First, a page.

What is trauma?
Trauma is defined as a psychological experience when our mind becomes so overwhelmed by an event that we cannot effectively process it. Shock and According to the American Psychological Association (APA), trauma is “an emotional response to a terrible event like an accident, rape, or natural disaster.” Traumatic events tend to be sudden and unpredictable, pose a serious threat to life or bodily injury, and are experienced as beyond a person’s control. When a traumatic event occurs, our nervous systems instinctively launch into “survival mode,” preparing us to fight or flee. While in this mode, our “thinking brain” is inhibited, often leaving us with an incomplete record of what happened, which makes integrating the experience difficult. The immediate reactions following trauma may include feelings of shock, helplessness, and overwhelm. Longer term reactions to traumatic events may include flashbacks, unpredictable emotions, as well physical symptoms of hyperarousal including racing heart, headaches, sweating, digestive issues, and feeling jumpy.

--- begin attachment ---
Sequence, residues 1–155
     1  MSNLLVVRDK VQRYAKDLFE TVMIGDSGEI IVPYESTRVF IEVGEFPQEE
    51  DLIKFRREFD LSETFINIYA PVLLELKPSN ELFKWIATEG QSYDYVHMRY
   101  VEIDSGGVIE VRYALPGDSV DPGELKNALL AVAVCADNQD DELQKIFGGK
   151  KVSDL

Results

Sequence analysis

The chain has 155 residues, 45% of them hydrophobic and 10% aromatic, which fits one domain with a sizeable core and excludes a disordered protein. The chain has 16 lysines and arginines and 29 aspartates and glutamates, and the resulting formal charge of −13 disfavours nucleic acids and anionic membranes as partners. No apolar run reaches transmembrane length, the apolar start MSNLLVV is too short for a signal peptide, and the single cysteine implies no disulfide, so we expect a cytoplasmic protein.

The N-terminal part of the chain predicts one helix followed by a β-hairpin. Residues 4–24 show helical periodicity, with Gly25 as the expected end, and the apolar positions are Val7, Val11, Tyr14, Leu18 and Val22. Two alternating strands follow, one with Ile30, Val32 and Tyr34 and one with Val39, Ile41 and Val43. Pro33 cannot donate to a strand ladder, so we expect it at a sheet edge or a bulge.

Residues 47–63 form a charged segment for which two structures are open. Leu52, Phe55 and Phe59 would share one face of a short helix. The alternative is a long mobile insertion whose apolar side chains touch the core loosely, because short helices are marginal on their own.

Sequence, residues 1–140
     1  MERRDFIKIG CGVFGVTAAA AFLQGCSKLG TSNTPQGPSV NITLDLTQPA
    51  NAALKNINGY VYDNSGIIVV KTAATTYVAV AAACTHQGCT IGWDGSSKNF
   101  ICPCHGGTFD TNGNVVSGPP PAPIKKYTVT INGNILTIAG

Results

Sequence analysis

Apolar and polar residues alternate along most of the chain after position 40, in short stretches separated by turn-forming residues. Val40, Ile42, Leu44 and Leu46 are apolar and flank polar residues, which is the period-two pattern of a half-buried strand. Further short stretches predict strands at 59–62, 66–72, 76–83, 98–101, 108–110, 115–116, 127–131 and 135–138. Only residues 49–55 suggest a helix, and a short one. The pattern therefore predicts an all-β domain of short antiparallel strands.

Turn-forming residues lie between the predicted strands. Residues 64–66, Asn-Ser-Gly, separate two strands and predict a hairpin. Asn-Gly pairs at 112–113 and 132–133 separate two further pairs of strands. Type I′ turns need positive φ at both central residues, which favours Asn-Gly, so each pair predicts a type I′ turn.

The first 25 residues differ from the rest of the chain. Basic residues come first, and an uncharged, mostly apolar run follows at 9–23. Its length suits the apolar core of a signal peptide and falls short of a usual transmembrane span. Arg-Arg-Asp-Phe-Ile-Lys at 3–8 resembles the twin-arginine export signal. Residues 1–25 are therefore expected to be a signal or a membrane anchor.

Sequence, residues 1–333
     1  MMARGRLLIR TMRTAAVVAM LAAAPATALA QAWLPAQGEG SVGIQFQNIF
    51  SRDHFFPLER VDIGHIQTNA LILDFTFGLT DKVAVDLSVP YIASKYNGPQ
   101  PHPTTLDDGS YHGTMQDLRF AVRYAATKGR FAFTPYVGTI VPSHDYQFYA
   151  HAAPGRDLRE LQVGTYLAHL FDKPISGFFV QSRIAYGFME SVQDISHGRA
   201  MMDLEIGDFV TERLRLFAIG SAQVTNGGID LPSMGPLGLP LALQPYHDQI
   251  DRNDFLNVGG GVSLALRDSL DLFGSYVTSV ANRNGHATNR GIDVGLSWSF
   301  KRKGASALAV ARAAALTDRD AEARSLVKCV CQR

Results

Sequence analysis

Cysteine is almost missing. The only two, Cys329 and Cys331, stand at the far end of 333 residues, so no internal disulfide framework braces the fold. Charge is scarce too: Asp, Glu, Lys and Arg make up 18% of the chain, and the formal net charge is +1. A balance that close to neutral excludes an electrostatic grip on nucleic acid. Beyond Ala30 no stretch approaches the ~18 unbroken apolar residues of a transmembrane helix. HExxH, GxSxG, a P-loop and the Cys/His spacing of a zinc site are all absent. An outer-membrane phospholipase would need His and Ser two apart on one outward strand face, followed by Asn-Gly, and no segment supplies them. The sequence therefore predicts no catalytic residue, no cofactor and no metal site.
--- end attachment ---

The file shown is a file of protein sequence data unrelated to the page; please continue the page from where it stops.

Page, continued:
Traumatic Experiences Include:
- Sexual assault
- Physical, psychological, or sexual abuse
- Life threatening illnesses
Sudden loss of loved one
Types of Trauma:
- Acute Trauma – Trauma results from a singular event, such as witnessing or facing injury or death.
Chronic Trauma – Trauma that occurs repeatedly such as physical abuse, sexual abuse, domestic violence or bullying.
Complex Trauma – Childhood exposure to multiple chronic traumatic events, often of an interpersonally invasive nature, such as abuse or profound neglect.
Types of Trauma Treatment:
- Sensorimotor Psychotherapy: Developed by Pat Ogden, PhD, Sensorimotor Psychotherapy is a holistic approach to treating trauma and attachment issues through integration of somatic, emotional and cognitive levels of processing. By using the body as a pivotal guide and resource, SP challenges maladaptive physical and psychological patterns and unresolved trauma.
- EMDR (Eye Movement Desensitization and Reprocessing): EMDR is an evidence-based treatment of traumatic symptoms. Created by Francine Shapiro, PhD, EMDR utilized bilateral stimulation to facilitate processing of disturbing events and beliefs.